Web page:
35th America's Cup: the Paul Cayard's commentary of Day 1
Saturday, May 27, 2017 5:01 PM
The 35th America’s Cup got underway today with 6 matches. The conditions were ideal with southwest winds of 11-13 knots and flats seas. The race course is inside Great Sound and the America’s Cup village and bases are at Dockyard, the most western extremity of the island.
I will be down here for the entire America’s Cup which runs from today through June 27th. I have two roles; for the first two weeks I am an onboard expert ( a nice way of saying a “has been”) for the yacht Rosehearty and her guests. From June 9, I will join the ACTV team for the daily broadcasts. Also, I will try to write something every day for you.
The racing today was better than I expected. Four of the 6 matches were very closely contested and 5 of the 6 teams seemed fairly even with only the French off the pace. The boats are very fast, 35-40 knots today and it is impressive to watch them live. Two of the matches ere spectacular; Match 2, Japan vs. Sweden and Match 5; New Zealand vs. Oracle Team USA. In Match 2, Japan (Softbank) got out to a strong start and built a lead of 20+ second only to be reeled in and passed by the Swedes (Artemis), on the second windward leg. There were 30 degree wind shifts on the course and Artemis played them well. Japan tried to tack on Artemis half way up the second windward leg but the Swedes simply powered through them and forced the Japanese to tack away. That was pretty much the end of it as Artemis got to the right and had starboard tack advantage at the next cross. Artemis went on to win fairly comfortably.
In the rematch of the finals of the 34th Americas Cup in San Francisco, Oracle led at the first mark only to be passed by the Kiwi’s who got a left shift upon the first windward leg. The Kiwis held the lead down the first run but the American’s got the split at the bottom gate and stayed out of phase with the Kiwi’s but in phase with the wind up the second windward leg. At the windward mark, the Kiwis tried to tack onto starboard in front of Oracle but they were a bit late and the American’s shot through to gain room at the mark and luffing rights. Oracle luffed the Kiwis rather aggressively but no contact occurred. The American’s shot out in front and went on the win the race by 6 seconds.
In both of these races it seemed the boat ahead, half way through the race, had an unsurmountable lead. I am excited to think that we may see these types of lead changes for the entire regatta!
In the final race of the day, Team BAR (GBR) was up against Softbank (JPN). A substantial collision occurred 20 seconds prior to the start. BAR’s port hull ended up on top of JPN’s starboard hull. Fortunately no one was injured although many of the JPN crew had to move out of the way. The port hull of GBR got quite a bit of damage from the brining handles on JPN which punctured holes in the hull of the British boat. The British were deemed to have fouled and were further penalized but the umpires.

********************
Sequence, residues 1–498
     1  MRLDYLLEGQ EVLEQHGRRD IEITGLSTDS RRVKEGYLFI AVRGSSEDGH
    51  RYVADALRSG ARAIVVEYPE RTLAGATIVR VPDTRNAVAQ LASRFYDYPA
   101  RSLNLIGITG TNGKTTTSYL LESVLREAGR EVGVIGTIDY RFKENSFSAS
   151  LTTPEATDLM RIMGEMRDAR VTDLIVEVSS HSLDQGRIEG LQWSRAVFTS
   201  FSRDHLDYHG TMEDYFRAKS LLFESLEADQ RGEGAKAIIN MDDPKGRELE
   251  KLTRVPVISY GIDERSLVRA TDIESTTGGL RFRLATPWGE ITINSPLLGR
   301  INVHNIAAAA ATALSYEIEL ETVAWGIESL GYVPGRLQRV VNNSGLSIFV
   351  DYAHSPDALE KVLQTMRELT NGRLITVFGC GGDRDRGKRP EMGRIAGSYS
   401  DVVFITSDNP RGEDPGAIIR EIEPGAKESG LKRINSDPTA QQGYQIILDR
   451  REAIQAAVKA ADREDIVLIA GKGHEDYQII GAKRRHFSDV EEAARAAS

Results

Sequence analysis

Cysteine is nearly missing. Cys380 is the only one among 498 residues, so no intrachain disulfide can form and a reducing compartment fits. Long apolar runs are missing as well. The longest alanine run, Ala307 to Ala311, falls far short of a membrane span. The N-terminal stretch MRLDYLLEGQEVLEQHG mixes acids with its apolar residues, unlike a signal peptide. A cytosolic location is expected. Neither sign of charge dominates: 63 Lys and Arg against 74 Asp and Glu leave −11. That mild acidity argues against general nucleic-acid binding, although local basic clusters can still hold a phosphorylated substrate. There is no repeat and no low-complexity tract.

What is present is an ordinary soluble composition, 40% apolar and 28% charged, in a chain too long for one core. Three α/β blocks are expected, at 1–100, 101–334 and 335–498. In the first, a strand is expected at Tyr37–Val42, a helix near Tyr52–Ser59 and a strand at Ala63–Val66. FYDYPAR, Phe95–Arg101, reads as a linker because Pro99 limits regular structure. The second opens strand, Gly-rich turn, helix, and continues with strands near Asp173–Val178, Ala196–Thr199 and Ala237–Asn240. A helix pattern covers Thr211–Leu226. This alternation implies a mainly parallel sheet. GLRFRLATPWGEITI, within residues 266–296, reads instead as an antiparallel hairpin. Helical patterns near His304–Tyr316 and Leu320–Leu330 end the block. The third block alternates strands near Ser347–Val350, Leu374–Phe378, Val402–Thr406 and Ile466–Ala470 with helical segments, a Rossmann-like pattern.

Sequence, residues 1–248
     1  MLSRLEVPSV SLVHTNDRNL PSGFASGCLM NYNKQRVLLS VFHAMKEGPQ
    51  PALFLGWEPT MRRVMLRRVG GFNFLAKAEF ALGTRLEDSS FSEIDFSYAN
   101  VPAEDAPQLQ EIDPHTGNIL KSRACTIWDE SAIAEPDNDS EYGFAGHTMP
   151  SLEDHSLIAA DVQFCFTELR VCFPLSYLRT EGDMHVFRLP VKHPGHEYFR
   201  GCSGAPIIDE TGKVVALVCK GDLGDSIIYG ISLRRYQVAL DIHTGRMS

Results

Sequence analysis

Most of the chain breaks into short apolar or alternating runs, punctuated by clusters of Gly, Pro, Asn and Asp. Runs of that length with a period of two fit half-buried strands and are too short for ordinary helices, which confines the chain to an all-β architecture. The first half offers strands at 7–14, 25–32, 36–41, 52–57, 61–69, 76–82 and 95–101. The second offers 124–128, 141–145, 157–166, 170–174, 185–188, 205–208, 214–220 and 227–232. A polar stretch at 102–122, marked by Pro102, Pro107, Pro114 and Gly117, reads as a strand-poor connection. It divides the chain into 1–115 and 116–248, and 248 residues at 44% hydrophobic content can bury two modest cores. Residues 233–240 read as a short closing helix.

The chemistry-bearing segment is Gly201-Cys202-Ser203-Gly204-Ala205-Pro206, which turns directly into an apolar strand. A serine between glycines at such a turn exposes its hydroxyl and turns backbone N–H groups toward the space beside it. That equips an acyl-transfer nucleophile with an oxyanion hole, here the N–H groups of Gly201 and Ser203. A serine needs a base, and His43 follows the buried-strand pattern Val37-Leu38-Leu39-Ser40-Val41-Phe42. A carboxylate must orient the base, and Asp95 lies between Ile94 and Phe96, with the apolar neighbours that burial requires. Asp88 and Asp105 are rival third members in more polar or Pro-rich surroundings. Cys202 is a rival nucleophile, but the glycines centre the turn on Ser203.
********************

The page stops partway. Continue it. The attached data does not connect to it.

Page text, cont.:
In the two days that I have been here, I have toured one team base, talked to a few of the sailors on various teams and met with the chief umpire to understand how they make the calls. I have reviewed tape of these teams practice racing. I have only scratched the surface of this event. But I feel like this is going to be very interesting and very competitive. I believe a big part of winning this event will be evolving, improving, learning technique, etc. No team is going fast enough today to beat the eventual winner. So the team whose shore team and technical team can make the biggest gains coupled with the sailing team who learns how to mast what they have and use it in a consistent manner, will most likely be the winner.
There is so much to master. Flying these boats in a consistent way, so that the hulls never hit the water, is very tough. You can have more conservative boards and pay for stability and control with top speed, or you can live on the edge of control and hit higher speeds but maybe dip the hulls in the water more frequently when tacking or gybing. Then you have the crew who are grinding, or pedaling as the case may be, for the entire race to produce hydraulic pressure. The hydraulic pressure is used to control all the wing and dagger board functions, which are critical to the performance of the boats. These sailors have become world class athletes, at the same level as a triathlete or soccer (football) player.
I need to explain the schedule, the format, the village, the pairings and so much more but I wont try to do it all tonight.
The forecast for tomorrow is for less wind…12-8 knots and dropping to as little as 6 by late afternoon. Then light winds on Monday. For information, scores and more, go to https://www.americascup.com